I have seen a lot of pooh on this trip. From animals, from people, in holes, on fields, on railway tracks, in rivers. And, one recurring thought is about its place in the appropriateness of our cultural attitudes to pooh. The ecological context is that Phosphorous and other nutrients are finite resources, yet essential for our food production and therefore civilisation. More on the ecology is that Australia is running out of water in agriculture and population centres.
And we use 9+ Litres per flush of freshwater, another precious resource, to take these valuable nutrients away. But not really ‘away’, rather into the ocean where they algal blooms, destroy coral reefs, and change the ecology of low-nutrient nearshore waters (such as exist in WA). These nutrients in our pooh are often from food (containing nutrients) that has, in itself, been transported from far away at great energetic expense.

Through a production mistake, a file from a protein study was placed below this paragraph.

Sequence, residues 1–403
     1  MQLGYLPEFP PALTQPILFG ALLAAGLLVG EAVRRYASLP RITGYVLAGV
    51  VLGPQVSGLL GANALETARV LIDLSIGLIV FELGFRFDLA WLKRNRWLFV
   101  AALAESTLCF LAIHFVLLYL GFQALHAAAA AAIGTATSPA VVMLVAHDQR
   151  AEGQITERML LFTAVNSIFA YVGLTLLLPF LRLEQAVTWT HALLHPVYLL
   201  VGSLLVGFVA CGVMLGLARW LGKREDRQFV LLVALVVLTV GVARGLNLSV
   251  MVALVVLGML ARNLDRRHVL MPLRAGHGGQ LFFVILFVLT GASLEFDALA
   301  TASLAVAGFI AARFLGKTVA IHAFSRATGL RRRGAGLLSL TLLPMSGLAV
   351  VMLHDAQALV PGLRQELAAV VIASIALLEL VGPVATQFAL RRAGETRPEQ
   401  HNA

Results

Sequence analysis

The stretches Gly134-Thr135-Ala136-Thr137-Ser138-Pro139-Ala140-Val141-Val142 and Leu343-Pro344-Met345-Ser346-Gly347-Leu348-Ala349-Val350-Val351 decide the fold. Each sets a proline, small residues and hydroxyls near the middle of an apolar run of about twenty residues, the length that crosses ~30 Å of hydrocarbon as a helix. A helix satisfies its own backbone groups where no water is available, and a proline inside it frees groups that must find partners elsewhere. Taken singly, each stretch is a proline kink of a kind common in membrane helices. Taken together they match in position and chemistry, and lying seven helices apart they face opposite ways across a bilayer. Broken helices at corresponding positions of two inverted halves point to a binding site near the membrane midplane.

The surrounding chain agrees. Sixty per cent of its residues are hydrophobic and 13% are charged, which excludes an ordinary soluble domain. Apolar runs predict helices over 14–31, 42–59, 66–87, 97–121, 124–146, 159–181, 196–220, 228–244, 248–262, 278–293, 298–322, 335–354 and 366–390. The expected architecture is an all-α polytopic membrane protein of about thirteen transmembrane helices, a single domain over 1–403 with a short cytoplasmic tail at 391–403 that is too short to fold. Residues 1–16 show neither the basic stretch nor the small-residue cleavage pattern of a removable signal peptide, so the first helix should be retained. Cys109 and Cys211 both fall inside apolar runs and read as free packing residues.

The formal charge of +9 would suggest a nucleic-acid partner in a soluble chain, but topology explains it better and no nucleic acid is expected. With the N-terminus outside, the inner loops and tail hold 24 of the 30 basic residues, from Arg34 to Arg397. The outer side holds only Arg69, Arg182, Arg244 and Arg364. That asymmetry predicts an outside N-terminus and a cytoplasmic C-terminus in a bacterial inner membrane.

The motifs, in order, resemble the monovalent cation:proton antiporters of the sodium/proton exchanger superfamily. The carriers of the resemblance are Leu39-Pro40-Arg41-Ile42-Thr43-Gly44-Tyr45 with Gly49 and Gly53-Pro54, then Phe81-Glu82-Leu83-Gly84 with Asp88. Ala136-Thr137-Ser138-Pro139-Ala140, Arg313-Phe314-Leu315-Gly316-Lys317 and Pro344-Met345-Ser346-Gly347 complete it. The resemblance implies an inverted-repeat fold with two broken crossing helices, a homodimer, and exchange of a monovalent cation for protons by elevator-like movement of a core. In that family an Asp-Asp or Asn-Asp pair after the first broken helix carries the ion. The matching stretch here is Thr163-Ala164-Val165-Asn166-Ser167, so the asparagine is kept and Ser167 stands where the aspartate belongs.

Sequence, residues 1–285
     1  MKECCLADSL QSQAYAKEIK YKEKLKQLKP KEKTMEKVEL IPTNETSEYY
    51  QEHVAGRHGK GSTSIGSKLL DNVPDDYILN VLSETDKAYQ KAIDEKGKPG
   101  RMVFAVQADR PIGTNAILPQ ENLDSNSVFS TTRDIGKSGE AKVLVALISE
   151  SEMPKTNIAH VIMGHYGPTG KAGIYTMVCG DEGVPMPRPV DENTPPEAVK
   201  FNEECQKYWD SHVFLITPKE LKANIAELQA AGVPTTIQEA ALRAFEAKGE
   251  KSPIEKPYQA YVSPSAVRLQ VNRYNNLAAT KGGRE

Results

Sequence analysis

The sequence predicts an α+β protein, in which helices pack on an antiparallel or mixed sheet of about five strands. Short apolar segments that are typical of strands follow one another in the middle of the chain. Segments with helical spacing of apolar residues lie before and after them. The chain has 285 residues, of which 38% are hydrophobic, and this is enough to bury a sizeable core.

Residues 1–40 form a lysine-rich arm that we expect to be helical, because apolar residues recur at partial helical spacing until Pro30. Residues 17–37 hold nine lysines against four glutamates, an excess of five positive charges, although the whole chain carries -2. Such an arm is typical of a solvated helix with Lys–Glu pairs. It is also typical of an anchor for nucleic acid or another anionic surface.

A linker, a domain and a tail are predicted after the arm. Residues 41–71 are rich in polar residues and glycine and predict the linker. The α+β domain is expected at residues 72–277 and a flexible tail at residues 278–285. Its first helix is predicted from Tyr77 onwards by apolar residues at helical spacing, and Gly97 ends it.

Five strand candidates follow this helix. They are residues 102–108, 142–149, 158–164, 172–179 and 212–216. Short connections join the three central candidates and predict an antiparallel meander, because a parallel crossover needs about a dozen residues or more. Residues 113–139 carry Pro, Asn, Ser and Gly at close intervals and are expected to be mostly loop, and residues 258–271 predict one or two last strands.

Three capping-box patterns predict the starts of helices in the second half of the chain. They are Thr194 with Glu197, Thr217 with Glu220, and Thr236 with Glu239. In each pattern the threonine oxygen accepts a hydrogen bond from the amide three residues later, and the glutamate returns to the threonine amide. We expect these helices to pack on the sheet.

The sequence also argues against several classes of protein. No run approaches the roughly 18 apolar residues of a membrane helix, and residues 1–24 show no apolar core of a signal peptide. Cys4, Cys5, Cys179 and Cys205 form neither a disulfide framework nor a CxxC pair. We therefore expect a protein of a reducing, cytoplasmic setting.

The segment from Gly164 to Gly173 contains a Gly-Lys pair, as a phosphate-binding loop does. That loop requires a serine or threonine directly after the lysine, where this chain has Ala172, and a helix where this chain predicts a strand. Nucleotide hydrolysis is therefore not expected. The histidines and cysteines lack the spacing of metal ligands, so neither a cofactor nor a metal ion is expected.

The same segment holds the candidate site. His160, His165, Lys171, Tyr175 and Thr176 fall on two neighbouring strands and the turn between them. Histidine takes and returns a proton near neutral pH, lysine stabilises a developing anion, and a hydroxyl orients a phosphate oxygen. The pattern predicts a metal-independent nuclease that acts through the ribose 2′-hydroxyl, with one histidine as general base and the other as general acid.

We then import nutrients from other countries (e.g. the guano from Nauru ) or use fossil fuels to make fertilisers. Which we then apply to the land in ways that ensure they run-off into rivers and are minimally effective at aiding plant growth.
This grand combination of resources (nutrients, water) that are so essential to our civilisation makes me think that future generations will be dumbfounded at the way in which cultural attitudes prevented us more intelligently using such a precious resource for so long. When I get back to Australia I am going to do something smarter with what comes out of my bottom.